As I stood beside my second great-grandmother’s grave on a cool spring day, some elements of her life came to my mind. Ellen was born in Barnstable, Massachusetts in 1832 and died in the same town about 50 years later in 1883. Death records in Massachusetts indicate her relatively short life was sadly truncated by a tumor accompanied by dropsy. Dropsy, I was later to learn, was either a form of edema or possibly a general wasting away of the body. The tumor, of course, was likely cancer. As I stood near her grave, I thought especially of Ellen’s last years.
Earlier in her life, Ellen moved with her husband, Charles Henry Waterman, to New Jersey and because of poor health returned to her parents’ home in Barnstable. It was there she died.
In my mind’s eye, I imagine her father (her mother having died a few years earlier) caring for his daughter as her life slowly slipped away. I imagine all the struggle and heartache this passing might have entailed.
Nearby to Ellen’s grave, directly beside it in fact, I found her father, Charles Thatcher Gray. In the census data I reviewed, I discovered Charles was a blacksmith. I find knowing an ancestor’s occupation quite interesting and I wondered to myself if my third great-grandfather, Charles, labored nearby at a local blacksmith shop still maintained today for historical purposes in Barnstable.
What struck me most, however, was the date of Charles Gray’s death. He died in August of 1883. This was just seven months after his daughter’s death. Charles’ wife had also died a few years previously and I wondered if the death of his wife and then the challenges of caring for his sick and dying daughter lead to Charles’ own death. I wondered if his body and soul were just too weary to go on after the stress of the last few years and he passed away from a broken heart shortly after his daughter’s passing.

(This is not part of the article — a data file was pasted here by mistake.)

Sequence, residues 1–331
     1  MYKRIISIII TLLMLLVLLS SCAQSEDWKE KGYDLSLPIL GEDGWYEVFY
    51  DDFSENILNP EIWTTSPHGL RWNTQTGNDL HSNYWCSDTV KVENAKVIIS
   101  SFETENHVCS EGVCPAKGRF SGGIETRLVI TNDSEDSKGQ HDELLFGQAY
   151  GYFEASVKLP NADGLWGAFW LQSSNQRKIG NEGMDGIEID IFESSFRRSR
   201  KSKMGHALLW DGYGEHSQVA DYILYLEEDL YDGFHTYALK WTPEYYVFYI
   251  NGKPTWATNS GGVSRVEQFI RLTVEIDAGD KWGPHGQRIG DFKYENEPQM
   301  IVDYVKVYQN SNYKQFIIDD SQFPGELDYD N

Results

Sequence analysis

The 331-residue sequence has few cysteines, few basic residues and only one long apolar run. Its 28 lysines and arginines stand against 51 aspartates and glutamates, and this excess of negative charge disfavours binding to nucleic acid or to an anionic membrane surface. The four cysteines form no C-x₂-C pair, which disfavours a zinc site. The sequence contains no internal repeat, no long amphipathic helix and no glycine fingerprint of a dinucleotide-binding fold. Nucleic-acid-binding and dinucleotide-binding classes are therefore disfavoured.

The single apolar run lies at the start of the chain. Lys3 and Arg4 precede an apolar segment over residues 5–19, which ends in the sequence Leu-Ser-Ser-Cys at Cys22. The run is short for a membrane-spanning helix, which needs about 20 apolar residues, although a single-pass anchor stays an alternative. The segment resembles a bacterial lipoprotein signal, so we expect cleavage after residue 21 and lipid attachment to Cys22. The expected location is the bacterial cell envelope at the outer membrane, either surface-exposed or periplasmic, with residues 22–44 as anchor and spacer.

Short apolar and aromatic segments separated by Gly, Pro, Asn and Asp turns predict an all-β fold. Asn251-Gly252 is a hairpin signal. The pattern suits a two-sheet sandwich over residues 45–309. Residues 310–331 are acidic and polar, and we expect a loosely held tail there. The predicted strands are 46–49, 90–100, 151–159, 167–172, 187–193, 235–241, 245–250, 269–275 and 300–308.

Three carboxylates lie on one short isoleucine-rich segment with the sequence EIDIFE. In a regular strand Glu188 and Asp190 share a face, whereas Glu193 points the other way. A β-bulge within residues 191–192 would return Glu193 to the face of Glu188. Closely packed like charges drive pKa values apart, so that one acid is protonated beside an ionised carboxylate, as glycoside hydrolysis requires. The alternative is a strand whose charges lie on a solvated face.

These were the kinds of stories that came to mind as I made my way through so many New England cemeteries.
From Charles Thatcher Gray, I followed the genealogical path up to Charles’ father, Joshua Gray. This ancestor and his story also piqued my interest. He was a captain of a packet ship which sailed between Yarmouth and Boston and the son of another captain, Joshua Gray, a Revolutionary War Officer. I found this all fascinating.
From Joshua Gray, packet ship captain, I followed the line to Mary Hedge and her husband Captain Joshua Gray, Revolutionary War Patriot. I found these graves in the Ancient Cemetery in Yarmouth Port, MA. “What was life like for a woman in the Revolutionary War,” I thought to myself as I discovered these graves? Also I considered, “In what battles did my fifth great-grandfather, Joshua Gray, participate in the Revolutionary War?”
From there, I visited the graves of Mary Gorham in the Ancient Cemetery, Yarmouth Port, MA and James Gorham, Jr. in Cobb’s Hill Cemetery, Barnstable, MA. This was followed by a visit to James Gorham, Sr. in Lothrop Hill Cemetery, Barnstable, MA. Unbelievably, all of these ancestors were in a direct line to John Howland and Elizabeth Tilley.
This last visit had a unique and mystifying feature to it. On the morning I found James Gorham, Sr’s grave, I wasn’t looking for him at all and was actually driving with a friend to an unrelated family activity when we came upon the cemetery where he was laid to rest.